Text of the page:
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The death of Samuel Paty offers a pause for deep, deep reflection. We at LSS don’t do solemn or serious, and the whole matter is beautifully covered by Charles Hadji in the Conversation. But we have seen the education system from both sides. It’s been around for thousands of years, and on the whole, it has served humanity well. The general agreement is that learners and teachers agree not to kill each other. Our only other general observation is that countries with good education systems seem to prosper economically, as China, South Korea and Germany learned long ago.
Say what you like about what happened after 1792, the ideals of the French Revolution were very important indeed. Along with the Constitution of the United States, they come as close as you can get to a mission statement for the modern world, and Charles addresses this very nicely. Both were products of the Enlightenment, whose founding father was the ultimate multicultural cosmopolitan, Baruch Spinoza. We’ll leave you with this extract from Charles’ first rate article-but do read the lot-it’s worth it. We may have to fight to defend these values one day.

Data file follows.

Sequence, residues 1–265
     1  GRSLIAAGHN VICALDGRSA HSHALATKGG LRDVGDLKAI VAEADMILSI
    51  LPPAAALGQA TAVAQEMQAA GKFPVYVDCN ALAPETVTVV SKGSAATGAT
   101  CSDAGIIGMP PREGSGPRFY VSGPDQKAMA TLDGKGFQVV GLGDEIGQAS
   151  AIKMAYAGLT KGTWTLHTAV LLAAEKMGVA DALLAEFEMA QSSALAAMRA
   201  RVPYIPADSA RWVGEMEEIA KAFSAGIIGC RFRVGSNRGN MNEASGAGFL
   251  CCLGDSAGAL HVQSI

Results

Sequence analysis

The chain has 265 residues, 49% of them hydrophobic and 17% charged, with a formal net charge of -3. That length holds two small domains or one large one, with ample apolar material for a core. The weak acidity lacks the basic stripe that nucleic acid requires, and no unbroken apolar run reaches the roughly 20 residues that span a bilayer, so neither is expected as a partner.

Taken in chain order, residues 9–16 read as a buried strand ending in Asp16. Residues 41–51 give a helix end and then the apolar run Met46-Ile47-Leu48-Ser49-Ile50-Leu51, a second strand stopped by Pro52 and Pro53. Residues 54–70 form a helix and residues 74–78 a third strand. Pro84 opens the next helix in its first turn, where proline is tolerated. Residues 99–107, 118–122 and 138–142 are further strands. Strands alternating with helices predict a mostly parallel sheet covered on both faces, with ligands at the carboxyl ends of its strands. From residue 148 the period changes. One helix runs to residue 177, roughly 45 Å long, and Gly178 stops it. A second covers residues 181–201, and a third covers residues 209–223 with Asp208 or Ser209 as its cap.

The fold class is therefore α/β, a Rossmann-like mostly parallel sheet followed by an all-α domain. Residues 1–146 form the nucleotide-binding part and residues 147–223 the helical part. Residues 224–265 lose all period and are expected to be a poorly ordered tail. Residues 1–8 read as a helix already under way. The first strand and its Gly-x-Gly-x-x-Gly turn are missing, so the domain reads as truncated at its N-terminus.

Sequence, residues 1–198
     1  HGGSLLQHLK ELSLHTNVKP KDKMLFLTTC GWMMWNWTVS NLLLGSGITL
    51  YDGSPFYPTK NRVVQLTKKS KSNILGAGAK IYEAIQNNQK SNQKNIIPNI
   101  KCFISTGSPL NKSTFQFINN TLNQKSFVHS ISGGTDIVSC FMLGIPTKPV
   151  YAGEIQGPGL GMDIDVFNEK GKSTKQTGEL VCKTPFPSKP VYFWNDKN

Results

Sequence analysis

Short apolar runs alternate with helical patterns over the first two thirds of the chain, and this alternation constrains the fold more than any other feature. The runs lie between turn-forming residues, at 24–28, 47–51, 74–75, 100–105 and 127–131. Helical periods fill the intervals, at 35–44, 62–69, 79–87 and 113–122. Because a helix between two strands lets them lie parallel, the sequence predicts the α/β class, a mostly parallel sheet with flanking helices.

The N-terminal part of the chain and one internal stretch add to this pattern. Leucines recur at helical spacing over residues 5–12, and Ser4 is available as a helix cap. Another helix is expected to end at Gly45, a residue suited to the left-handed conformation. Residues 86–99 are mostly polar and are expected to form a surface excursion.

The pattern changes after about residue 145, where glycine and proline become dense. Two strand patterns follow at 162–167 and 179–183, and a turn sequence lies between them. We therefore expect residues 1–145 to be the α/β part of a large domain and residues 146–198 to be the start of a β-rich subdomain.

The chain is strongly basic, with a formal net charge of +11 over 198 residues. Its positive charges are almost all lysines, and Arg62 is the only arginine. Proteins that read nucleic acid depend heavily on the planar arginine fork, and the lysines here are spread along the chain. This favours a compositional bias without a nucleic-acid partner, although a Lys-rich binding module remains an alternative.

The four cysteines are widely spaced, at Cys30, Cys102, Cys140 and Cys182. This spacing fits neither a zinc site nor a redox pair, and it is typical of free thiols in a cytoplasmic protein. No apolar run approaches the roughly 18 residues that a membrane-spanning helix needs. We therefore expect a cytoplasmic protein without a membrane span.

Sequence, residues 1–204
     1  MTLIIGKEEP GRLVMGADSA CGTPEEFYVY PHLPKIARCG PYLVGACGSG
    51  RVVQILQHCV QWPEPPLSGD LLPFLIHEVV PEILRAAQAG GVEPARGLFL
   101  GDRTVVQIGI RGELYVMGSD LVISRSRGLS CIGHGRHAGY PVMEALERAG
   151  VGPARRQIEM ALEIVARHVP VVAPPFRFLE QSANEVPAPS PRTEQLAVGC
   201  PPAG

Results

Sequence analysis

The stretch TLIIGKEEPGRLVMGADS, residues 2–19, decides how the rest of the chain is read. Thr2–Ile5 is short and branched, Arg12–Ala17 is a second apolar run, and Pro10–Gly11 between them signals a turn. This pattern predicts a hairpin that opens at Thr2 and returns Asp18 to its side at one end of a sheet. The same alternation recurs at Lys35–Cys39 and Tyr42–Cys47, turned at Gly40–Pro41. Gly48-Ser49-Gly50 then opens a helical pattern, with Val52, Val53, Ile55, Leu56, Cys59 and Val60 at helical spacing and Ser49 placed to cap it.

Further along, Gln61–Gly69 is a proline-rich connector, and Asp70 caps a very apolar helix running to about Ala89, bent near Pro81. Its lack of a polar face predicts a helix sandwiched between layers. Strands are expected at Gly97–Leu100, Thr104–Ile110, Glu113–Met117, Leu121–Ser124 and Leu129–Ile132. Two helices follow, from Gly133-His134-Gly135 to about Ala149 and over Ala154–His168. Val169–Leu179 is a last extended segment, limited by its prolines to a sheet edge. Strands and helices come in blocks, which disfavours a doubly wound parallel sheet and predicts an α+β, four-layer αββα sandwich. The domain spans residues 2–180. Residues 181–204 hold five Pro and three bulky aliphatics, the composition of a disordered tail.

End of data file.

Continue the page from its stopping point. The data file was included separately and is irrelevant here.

“No one can renounce the freedom to judge and opine as he wishes”, as Spinoza pointed out in his Theological-Political Treatise. “In a free state it is possible for everyone to think what he wants and to say what he thinks”.
However, this in no way gives the “right to act by one’s own decree”. When it comes to actions, the law of the Republic prevails and is imposed on all, even the most zealous servants of a religion.
It is this freedom of thought that the teachers of the Republic must promote and defend – and that was intended to be destroyed in the assassination of Samuel Paty.
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